Distilleries also are coming up with new whiskey expressions. “Balvenie has a new Caribbean cask, which is doing quite well,” Brophy says. “Particularly with the ladies. It’s got this tropical fruit flavor to it that they love. Fusing that with their Speyside staple product, the end result is quite delicious.”
Even the country of origin is changing. “Japan has some quality products now,” Desoblin shares. “Yamazaki is a single malt whisky, made near Kyoto. The region is known for having pure waters, a diverse climate and high humidity, all of which are ideal for whisky making. And they’re using interesting wood in their casks, such as mizunara, which is from a tree only in that region of the world. No one else in the industry is using that type of wood,” Desoblin says.
Whatever your customers are ordering, it’s crucial that the ethos of the establishment is in line with the new mentality. “Gone are the days of being intimidated by Scotch and whiskey,” surmises Brophy. “We’re in an era where asking the bartender a ton of questions is perfectly fine. We want to help you learn; not make you feel stupid if you don’t know every little detail. Our goal is to make this an open and fun experience, just as the whiskey category wants to be to the emerging market.” NCB
Building a Wall of Whiskey
Want to break into the whiskey category but not sure what bottles to put on the shelves? Brandy Library’s Flavien Desoblin breaks down some staples to stock.
Lagavulin 12 Year Cask Strength Edition. “It wasn’t available in the U.S. for the last five years, but now it’s back. It’s got a great finish, a good body and it’s good for a beginner or an intermediate whiskey drinker. Serious fanatics also appreciate it.”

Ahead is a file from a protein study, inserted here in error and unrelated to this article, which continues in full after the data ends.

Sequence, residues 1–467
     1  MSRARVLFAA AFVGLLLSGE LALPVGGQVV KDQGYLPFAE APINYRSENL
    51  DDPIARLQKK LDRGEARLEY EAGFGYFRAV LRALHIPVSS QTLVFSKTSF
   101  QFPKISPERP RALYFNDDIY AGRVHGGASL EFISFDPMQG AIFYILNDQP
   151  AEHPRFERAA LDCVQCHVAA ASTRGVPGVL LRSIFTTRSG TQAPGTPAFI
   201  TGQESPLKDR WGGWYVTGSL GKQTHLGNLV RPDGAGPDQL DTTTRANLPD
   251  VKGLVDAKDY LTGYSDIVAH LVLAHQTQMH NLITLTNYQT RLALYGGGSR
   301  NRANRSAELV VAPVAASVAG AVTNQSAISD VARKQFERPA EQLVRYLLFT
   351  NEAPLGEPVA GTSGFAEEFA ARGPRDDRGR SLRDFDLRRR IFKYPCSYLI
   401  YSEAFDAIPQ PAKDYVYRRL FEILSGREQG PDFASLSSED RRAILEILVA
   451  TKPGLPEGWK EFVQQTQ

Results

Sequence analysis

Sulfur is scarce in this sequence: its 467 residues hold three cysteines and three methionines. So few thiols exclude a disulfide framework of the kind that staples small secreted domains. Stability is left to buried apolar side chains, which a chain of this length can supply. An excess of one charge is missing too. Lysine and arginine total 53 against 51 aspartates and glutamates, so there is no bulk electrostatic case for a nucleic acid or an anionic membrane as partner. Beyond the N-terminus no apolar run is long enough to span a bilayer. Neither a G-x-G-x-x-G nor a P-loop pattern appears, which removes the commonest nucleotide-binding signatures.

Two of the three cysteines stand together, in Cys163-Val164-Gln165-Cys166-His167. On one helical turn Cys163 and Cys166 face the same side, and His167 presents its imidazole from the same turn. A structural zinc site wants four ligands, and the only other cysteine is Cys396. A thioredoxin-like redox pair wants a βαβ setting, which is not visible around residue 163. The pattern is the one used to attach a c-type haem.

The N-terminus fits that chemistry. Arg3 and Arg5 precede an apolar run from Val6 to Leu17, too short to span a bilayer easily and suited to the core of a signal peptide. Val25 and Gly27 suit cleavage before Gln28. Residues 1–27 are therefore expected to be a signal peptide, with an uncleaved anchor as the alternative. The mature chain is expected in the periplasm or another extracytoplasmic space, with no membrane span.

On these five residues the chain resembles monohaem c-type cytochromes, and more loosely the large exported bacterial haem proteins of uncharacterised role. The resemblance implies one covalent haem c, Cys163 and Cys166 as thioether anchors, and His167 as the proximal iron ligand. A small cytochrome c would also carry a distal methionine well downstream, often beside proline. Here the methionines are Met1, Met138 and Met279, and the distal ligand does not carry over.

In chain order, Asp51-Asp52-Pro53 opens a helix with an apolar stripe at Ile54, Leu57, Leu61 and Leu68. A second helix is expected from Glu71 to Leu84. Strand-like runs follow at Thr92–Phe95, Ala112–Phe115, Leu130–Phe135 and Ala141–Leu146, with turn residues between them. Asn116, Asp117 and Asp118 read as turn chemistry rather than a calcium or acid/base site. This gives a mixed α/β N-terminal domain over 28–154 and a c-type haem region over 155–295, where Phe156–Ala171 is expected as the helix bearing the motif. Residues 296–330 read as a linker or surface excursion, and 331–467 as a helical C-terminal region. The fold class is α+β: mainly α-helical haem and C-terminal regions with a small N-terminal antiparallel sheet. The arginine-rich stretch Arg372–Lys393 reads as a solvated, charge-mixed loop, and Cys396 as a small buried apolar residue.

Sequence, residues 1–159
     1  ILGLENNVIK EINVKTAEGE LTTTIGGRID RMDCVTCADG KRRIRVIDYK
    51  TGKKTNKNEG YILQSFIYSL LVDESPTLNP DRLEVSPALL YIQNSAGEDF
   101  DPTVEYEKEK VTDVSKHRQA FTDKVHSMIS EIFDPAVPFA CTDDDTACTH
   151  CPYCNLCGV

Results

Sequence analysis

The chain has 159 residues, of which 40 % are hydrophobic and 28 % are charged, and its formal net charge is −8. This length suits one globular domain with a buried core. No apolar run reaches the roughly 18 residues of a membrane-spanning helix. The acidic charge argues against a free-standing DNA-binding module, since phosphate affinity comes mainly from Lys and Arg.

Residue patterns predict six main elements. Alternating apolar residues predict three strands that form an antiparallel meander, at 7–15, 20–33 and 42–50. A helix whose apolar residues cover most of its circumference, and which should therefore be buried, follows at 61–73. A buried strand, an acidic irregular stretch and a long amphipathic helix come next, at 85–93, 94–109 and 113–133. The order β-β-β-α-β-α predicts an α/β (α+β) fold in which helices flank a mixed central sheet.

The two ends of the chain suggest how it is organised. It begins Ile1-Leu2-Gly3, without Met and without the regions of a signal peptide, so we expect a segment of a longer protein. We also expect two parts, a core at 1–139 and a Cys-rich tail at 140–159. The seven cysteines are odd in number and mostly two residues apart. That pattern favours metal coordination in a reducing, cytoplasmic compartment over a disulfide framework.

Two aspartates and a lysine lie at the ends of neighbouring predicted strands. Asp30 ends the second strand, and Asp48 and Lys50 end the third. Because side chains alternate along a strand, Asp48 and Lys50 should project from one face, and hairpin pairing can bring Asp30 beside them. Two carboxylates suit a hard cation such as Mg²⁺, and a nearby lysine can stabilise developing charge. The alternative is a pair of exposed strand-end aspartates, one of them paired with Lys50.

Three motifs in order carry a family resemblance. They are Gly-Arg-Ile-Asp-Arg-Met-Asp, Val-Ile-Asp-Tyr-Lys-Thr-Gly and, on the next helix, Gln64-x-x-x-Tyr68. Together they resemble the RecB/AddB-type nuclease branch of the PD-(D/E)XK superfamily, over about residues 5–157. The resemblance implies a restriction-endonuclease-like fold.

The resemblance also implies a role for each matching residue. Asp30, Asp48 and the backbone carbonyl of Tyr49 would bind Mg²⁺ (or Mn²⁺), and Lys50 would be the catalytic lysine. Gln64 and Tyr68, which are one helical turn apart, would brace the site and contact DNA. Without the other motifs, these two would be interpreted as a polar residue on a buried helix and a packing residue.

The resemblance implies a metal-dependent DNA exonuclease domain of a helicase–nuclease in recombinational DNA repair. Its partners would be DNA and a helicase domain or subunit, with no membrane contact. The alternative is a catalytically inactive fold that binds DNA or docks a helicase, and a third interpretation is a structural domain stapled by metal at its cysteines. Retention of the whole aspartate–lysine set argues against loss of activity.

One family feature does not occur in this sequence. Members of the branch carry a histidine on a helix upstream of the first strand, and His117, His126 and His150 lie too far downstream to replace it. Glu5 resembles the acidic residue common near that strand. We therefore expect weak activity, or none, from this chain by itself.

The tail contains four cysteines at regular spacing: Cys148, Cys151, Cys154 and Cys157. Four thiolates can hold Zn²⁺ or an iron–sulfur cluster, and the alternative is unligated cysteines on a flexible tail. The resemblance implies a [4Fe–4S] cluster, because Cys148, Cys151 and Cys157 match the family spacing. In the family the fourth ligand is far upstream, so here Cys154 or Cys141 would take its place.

Hibiki 12 Year Old. “It’s from Japan, and it’s a blended whisky with a bit of bourbon in there, which you can absolutely tell from the nose. It starts light, packs a big middle, and yet finishes light and smooth.”
Pig’s Nose 5 Year Old. “It’ll be gentle to you on a Sunday. The label actually reads ‘’Tis said our Scotch is as smooth and soft as a pig’s nose,’ and it’s true. It’s got a very sweet finish, and it’s great for a beginning whiskey drinker.”
Clynelish 14. “This has some peat notes, but women like this one a lot. It’s a super generic Speyside, with just a shade of smoke. It’s got a delicate salty beginning but a great caramel finish. It’s the perfect introduction to Scotch.”
Highland Park 18. “This will satisfy your craving for something deep, with a good weight and body, but not too bold or overpowering. It’s got some notes of sherry, but they’re subtle. It’s the perfect single malt.”